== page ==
Plant diversity predicts beta but not alpha diversity of soil microbes across grasslands worldwide

Suzanne M. Prober, Jonathan W. Leff, Scott T. Bates, Elizabeth T. Borer, Jennifer Firn, W. Stanley Harpole, Eric M. Lind, Eric W. Seabloom, Peter B. Adler, Jonathan D. Bakker, Elsa E. Cleland, Nicole M. Decrappeo, Elizabeth Delorenze, Nicole Hagenah, Yann Hautier, Kirsten S. Hofmockel, Kevin P. Kirkman, Johannes M.H. Knops, Kimberly J. La Pierre, Andrew S. MacdougallRebecca L. Mcculley, Charles E. Mitchell, Anita C. Risch, Martin Schuetz, Carly J. Stevens, Ryan J. Williams, Noah Fierer

Research output: Contribution to journalArticlepeer-review

451 Citations (SciVal)


Aboveground-belowground interactions exert critical controls on the composition and function of terrestrial ecosystems, yet the fundamental relationships between plant diversity and soil microbial diversity remain elusive. Theory predicts predominantly positive associations but tests within single sites have shown variable relationships, and associations between plant and microbial diversity across broad spatial scales remain largely unexplored. We compared the diversity of plant, bacterial, archaeal and fungal communities in one hundred and forty-five 1 m2 plots across 25 temperate grassland sites from four continents. Across sites, the plant alpha diversity patterns were poorly related to those observed for any soil microbial group. However, plant beta diversity (compositional dissimilarity between sites) was significantly correlated with the beta diversity of bacterial and fungal communities, even after controlling for environmental factors. Thus, across a global range of temperate grasslands, plant diversity can predict patterns in the composition of soil microbial communities, but not patterns in alpha diversity.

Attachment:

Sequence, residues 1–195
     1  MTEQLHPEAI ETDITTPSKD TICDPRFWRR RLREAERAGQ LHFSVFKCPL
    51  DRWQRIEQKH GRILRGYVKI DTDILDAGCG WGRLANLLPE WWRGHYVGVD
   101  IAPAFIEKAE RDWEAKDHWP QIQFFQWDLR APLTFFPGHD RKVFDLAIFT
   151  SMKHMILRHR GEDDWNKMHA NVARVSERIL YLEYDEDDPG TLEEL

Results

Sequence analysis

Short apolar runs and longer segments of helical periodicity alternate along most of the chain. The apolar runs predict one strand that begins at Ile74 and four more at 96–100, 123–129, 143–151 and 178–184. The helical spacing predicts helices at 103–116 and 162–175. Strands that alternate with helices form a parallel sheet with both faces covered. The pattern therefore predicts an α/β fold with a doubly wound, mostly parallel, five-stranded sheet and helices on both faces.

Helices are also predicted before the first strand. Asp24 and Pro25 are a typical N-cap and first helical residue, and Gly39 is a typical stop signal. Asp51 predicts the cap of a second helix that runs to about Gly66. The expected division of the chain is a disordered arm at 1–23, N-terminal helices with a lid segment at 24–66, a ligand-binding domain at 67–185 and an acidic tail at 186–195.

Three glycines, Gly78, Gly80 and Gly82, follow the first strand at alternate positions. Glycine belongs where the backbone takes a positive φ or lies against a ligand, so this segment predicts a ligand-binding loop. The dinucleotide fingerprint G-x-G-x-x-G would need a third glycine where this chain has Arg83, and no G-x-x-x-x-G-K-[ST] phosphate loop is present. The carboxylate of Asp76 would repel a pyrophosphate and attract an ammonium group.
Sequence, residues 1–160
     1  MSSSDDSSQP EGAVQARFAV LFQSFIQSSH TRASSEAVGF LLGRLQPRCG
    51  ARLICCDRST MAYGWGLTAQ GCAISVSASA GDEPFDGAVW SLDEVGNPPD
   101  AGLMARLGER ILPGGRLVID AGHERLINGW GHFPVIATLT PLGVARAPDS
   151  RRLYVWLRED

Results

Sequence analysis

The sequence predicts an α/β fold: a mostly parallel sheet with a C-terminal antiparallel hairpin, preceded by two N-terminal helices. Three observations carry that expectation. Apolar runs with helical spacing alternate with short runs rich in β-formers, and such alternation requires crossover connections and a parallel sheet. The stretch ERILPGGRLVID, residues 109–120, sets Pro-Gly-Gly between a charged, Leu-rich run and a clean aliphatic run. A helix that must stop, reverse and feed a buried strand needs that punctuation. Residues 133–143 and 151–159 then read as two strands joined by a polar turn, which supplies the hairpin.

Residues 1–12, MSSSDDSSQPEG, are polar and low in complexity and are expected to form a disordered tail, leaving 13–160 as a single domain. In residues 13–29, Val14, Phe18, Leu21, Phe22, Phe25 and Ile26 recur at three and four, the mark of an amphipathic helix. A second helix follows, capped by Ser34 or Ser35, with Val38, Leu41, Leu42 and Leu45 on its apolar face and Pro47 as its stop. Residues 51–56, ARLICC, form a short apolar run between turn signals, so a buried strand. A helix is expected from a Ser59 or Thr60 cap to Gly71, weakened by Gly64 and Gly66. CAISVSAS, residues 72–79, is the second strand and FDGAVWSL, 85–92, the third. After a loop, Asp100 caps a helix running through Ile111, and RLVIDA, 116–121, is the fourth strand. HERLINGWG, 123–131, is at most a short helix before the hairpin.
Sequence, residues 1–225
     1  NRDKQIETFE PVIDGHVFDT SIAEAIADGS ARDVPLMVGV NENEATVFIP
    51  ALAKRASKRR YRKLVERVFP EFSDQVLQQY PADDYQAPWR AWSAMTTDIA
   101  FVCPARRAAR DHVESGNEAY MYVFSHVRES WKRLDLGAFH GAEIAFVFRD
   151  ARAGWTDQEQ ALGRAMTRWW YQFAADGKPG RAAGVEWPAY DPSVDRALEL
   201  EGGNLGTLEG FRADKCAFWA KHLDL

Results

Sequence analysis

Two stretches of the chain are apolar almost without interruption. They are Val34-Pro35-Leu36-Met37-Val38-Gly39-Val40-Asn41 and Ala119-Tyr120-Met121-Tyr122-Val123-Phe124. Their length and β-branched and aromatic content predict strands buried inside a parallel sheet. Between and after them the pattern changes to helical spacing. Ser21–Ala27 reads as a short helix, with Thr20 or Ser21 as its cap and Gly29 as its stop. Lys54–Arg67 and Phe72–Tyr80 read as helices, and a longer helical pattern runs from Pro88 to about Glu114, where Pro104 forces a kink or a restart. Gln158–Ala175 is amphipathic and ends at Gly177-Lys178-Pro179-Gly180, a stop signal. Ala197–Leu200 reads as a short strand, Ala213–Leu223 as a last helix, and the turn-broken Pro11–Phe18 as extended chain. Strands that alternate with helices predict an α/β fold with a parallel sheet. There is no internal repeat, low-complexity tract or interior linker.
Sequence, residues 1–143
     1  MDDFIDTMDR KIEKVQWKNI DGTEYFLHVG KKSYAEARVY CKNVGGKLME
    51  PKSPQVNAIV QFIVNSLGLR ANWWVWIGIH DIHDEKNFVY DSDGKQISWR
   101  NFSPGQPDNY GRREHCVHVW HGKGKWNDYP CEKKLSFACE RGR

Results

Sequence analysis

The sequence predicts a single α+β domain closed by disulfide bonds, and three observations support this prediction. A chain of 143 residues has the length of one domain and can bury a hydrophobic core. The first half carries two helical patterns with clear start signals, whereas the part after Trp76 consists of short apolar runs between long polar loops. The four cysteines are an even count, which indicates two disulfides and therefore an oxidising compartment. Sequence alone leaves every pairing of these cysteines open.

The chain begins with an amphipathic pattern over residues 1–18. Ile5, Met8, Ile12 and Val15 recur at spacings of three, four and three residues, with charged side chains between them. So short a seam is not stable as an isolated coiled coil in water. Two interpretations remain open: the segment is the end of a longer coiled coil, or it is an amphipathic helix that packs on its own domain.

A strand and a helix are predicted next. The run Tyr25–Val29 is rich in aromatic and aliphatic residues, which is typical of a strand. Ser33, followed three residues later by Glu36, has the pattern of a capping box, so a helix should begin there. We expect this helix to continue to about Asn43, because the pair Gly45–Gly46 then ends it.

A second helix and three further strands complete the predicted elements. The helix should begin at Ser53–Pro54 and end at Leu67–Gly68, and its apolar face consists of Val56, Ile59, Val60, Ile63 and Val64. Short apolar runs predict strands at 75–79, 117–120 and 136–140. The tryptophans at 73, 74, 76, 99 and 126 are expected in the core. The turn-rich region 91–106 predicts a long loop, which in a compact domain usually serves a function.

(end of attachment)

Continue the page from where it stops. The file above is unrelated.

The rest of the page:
Original languageEnglish
Pages (from-to)85-95
Number of pages11
JournalEcology Letters
Issue number1
StatePublished - Jan 1 2015

Bibliographical note

Publisher Copyright:
© 2014 John Wiley & Sons Ltd/CNRS.


  • Aboveground-belowground interactions
  • Archaea
  • Bacteria
  • Fungi
  • Grasslands
  • Microbial biogeography
  • Soil biodiversity

ASJC Scopus subject areas

  • Ecology, Evolution, Behavior and Systematics


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